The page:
(The Center Square) – Core components of Virginia Gov. Glenn Youngkin’s $1 billion package of proposed tax cuts – bills to reduce the top income tax rate, raise the standard deduction and lower the corporate income tax rate – were voted down in a Senate committee Tuesday, a week after identical proposals were advanced in the House of Delegates.
Lawmakers on the Senate Finance and Appropriations Committee voted to “pass by indefinitely” on Senate Bill 1451 to reduce the top income tax rate from 5.75% to 5.5%, and increase the standard deduction to $9,000 for single filers and $16,000 for joint filers. The committee also voted to “pass by indefinitely” on Senate Bill 1355 to reduce the corporate income tax rate from 6% to 5%.
The defeat of the bills in committee represent a blow to progress on Youngkin’s proposed tax plan, which he first announced in December as part of his budget amendments. Youngkin has touted his proposed tax cuts as a way to “compete” against other southern states and attract businesses and jobs, but Democrats have criticized the governor’s plan to reduce taxes for corporations, and lower taxes for earners in the state’s top bracket.
The Republican-controlled House of Delegates voted to advance measures identical to SB 1355 and SB 1451 earlier this month, though Tuesday’s committee vote indicates they are likely to face a similar fate when they go before the same committee in the Democrat-controlled Senate.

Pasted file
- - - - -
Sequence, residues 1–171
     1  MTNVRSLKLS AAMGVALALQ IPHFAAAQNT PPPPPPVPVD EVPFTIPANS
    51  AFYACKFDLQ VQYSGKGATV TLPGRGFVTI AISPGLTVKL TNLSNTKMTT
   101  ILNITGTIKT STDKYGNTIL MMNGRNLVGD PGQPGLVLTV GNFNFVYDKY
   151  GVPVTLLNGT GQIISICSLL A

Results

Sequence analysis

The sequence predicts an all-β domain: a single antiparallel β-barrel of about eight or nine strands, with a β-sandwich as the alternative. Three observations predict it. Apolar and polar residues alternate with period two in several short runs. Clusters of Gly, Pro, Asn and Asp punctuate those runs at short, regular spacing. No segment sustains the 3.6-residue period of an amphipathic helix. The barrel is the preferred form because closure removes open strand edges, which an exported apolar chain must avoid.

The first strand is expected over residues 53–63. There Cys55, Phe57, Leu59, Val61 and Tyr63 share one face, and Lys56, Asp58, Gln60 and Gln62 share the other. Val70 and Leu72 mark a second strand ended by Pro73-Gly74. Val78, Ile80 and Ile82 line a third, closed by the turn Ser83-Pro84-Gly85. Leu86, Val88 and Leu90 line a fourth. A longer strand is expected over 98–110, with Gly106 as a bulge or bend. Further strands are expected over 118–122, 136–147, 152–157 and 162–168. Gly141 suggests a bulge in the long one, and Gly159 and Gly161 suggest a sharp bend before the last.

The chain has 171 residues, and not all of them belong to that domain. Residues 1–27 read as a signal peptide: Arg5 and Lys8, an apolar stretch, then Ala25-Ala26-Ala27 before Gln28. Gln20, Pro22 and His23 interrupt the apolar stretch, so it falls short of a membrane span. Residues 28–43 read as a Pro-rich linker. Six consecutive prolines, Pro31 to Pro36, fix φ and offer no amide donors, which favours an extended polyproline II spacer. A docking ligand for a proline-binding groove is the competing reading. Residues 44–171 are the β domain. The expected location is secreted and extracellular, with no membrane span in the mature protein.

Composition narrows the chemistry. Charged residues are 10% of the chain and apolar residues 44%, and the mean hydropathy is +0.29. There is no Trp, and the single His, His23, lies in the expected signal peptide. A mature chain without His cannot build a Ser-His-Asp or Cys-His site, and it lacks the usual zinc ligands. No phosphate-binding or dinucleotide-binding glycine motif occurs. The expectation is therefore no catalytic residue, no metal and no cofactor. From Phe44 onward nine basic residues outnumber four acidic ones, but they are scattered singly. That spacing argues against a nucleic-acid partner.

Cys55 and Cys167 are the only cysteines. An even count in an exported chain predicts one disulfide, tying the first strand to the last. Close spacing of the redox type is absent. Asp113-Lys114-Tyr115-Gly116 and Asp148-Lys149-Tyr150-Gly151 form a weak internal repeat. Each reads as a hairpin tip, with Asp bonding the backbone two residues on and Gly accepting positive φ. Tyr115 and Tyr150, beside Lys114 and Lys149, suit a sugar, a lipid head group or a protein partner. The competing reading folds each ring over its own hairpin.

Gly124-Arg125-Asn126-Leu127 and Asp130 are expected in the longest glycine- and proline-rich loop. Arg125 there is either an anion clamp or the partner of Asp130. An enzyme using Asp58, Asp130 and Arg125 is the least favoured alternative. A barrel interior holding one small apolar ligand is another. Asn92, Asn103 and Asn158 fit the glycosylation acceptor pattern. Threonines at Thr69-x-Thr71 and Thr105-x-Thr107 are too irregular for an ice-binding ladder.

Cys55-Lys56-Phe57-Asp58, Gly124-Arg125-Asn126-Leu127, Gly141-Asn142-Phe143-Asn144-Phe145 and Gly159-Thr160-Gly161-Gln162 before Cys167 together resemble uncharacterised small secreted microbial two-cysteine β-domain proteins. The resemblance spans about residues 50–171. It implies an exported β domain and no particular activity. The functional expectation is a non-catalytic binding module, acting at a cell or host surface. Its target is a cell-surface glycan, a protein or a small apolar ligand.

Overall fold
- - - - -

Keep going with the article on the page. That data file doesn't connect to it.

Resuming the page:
The politically-divided General Assembly was able to agree on a budget last year that incorporated $4 billion in tax cuts, which included doubling the standard deduction to $8,000 for single filers and $16,000 for joint filers. Some Democratic lawmakers have indicated support for further boosting the standard deduction, but they disagree with Youngkin’s proposal to reduce the top income tax rate and cut the corporate tax rate.
House Minority Leader Del. Don Scott, D-Portsmouth, told The Center Square earlier this month that he thinks it would be a “mistake” to pass a “corporate tax giveaway of Virginians’ money,” adding he didn’t think that proposal had “any chance of going anywhere.”
Lawmakers will continue to iron out and compromise on amendments to the biennial budget signed last summer over the next few weeks. Republicans have voiced support for Youngkin’s proposed tax cuts, arguing Virginians are “overtaxed,” while Democrats have voiced concern for cutting taxes when public education has not been fully funded since the Great Recession.
Macaulay Porter, the governor’s spokeswoman, told The Center Square in an email the governor is “committed to providing necessary tax relief,” and will “continue to work with the general assembly to reduce the individual income tax and lower rates for business.”
“Our Commonwealth needs tax reform to retain and attract people, businesses, and compete with neighboring states,” Porter said. “Virginians have been overtaxed for too long and deserve their hard earned money back.”
The details of the budget amendments will ultimately be discussed among budget negotiators over the next few weeks during the session, which is expected to end Feb. 25.